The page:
With worries that the state Legislature may not reconvene for a special session before year’s end, northeast Queens lawmakers reached out to Gov. Andrew Cuomo on behalf of co-op and condo owners to prevent what they are calling a potentially devastating increase in real property taxes.
City Councilman Mark Weprin (D-Oakland Gardens) called on Cuomo last week to organize a special session in the state Legislature to stop any serious tax increases for co-op and condo owners in areas including Bay Terrace and Glen Oaks Village.
“If the Legislature does not meet before the year is out, co-ops and condos may face skyrocketing tax bills in January 2013,” Weprin warned. “I am determined to avoid such a scenario.”
Earlier this year, the state Legislature failed to extend the J-51 program, which provided co-op and condo owners with millions of dollars in tax abatements to help maintain and upgrade properties. The program officially ended June 30, but lawmakers said agreements were in place to pass a new plan.
But because of widespread damage throughout the state caused by Hurricane Sandy, the likelihood of a special session before 2013 was not so bright, a source close to Cuomo told the New York Post earlier this month.
In a letter to both the governor and Mayor Michael Bloomberg, state Sen. Tony Avella (D-Bayside) urged lawmakers to take whatever steps necessary to ensure that benefits of a tax abatement serving co-op and condominium owners throughout the city remain intact.
“If a ‘special’ legislative session is not possible, then I would ask that you issue respective executive orders to retain the property tax abatement until legislation is passed early next session to resolve this issue,” Avella said.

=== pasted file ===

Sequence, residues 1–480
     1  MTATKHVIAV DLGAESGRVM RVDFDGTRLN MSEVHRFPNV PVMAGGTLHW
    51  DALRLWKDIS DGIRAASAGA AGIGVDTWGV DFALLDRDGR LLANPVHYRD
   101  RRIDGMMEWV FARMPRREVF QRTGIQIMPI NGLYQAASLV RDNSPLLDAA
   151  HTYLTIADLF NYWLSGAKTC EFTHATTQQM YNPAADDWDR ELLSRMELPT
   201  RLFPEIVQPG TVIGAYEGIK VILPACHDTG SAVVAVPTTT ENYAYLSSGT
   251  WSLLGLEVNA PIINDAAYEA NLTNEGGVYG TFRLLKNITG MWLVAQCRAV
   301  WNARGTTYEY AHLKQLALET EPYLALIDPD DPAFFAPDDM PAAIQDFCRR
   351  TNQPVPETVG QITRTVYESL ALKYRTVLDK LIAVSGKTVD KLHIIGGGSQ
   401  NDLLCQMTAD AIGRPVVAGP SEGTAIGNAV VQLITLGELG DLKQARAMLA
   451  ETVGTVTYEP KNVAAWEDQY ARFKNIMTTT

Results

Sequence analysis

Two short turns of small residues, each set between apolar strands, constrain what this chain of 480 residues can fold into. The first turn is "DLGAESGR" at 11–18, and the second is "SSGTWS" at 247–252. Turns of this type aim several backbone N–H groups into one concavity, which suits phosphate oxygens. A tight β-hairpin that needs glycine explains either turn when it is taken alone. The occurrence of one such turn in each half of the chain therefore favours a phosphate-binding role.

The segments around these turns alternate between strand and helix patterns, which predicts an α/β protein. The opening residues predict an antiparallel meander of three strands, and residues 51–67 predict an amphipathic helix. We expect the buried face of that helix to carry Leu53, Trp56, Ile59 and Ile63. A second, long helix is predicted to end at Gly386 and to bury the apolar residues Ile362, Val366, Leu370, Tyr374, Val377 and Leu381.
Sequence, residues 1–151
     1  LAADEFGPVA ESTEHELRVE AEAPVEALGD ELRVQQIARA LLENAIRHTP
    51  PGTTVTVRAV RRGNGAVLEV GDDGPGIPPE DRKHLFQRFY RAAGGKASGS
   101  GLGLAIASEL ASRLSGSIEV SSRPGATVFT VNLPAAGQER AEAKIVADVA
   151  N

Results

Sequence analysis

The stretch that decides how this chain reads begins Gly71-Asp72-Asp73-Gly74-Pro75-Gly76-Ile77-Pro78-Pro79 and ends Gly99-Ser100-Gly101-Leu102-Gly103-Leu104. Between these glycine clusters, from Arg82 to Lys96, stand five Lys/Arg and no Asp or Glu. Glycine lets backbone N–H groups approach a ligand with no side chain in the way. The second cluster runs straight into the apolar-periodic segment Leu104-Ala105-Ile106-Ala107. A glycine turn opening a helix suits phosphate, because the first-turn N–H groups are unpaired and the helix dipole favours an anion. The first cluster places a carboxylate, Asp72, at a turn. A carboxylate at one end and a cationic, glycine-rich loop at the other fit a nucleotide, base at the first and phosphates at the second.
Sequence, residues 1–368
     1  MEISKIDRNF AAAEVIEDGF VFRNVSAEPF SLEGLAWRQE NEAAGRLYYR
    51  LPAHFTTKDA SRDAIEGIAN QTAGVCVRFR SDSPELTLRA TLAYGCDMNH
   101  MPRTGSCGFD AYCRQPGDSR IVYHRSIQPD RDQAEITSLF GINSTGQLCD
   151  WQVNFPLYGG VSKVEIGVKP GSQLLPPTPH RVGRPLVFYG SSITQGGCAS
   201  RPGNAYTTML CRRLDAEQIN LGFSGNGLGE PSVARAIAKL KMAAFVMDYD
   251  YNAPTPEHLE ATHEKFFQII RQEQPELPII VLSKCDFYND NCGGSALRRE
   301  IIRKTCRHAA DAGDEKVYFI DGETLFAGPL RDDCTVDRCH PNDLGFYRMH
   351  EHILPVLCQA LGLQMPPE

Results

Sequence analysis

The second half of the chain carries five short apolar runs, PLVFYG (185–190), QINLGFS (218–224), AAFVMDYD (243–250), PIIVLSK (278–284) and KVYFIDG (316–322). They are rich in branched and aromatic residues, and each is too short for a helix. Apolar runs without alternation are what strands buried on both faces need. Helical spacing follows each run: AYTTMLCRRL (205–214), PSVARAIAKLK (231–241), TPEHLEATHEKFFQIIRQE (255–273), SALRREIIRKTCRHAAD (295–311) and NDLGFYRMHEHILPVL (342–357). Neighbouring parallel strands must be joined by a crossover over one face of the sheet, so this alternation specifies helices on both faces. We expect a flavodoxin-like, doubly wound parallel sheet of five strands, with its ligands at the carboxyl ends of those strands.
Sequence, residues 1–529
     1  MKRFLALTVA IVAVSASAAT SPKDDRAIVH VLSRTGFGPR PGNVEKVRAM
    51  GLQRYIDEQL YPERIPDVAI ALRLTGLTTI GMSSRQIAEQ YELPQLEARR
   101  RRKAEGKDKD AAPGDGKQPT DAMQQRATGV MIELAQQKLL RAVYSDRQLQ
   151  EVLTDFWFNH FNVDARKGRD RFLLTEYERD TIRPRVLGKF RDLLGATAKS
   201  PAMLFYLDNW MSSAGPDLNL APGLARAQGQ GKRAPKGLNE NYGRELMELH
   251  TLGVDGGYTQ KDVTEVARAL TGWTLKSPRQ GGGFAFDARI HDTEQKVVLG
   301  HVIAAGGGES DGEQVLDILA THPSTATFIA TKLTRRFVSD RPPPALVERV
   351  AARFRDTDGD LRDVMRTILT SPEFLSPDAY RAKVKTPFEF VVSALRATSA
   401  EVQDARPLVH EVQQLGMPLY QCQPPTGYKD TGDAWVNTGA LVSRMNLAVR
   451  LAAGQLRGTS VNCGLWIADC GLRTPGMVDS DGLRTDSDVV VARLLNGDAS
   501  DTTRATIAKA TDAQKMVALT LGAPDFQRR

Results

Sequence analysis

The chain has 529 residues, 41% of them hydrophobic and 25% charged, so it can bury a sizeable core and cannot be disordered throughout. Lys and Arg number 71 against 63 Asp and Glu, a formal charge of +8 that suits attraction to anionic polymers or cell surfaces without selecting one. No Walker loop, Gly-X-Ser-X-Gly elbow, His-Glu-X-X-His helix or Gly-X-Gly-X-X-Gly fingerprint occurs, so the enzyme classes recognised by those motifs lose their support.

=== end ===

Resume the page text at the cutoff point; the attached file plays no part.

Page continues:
Earlier this year, state Assemblyman Ed Braunstein (D-Bayside) said Bloomberg’s office committed to continuing the tax abatement program until the Legislature reconvened to provide relief to middle-class co-op owners. According to the plan, which Braunstein proposed, co-op owners would see abatements rise from 17.5 percent to 25 percent this year and more than 28 percent in three years. Avella said the program’s expiration would result in an increase of about $1,200 or more per unit if not retroactively renewed, leading to “extreme financial hardships” for thousands of co-op and condo owners throughout the city.
Several northeast Queens co-op and condo owners came out in favor of Braunstein’s proposal in a Bay Terrace press conference earlier this year.
“Under the new and improved property tax abatement program co-ops and condos can continue to provide middle-class families with much-needed affordable housing along with the pride of ownership,” said Warren Schreiber, president of the Bay Terrace Community Alliance and copresident of the Presidents Co-op and Condo Council.
Weprin said he sponsored the original version of the tax abatement bill as a member of the Assembly in 1996, which the Legislature continually renewed until this year.
“For most Queens co-ops and condos, the tax abatement is vital, and its elimination would surely wreak havoc on the budgets of co-ops, condos and the middle-class families who make their homes therein,” Weprin said.
Reach reporter Phil Corso by e-mail at email@example.com or by phone at 718-260-4573.
©2012 Community News Group
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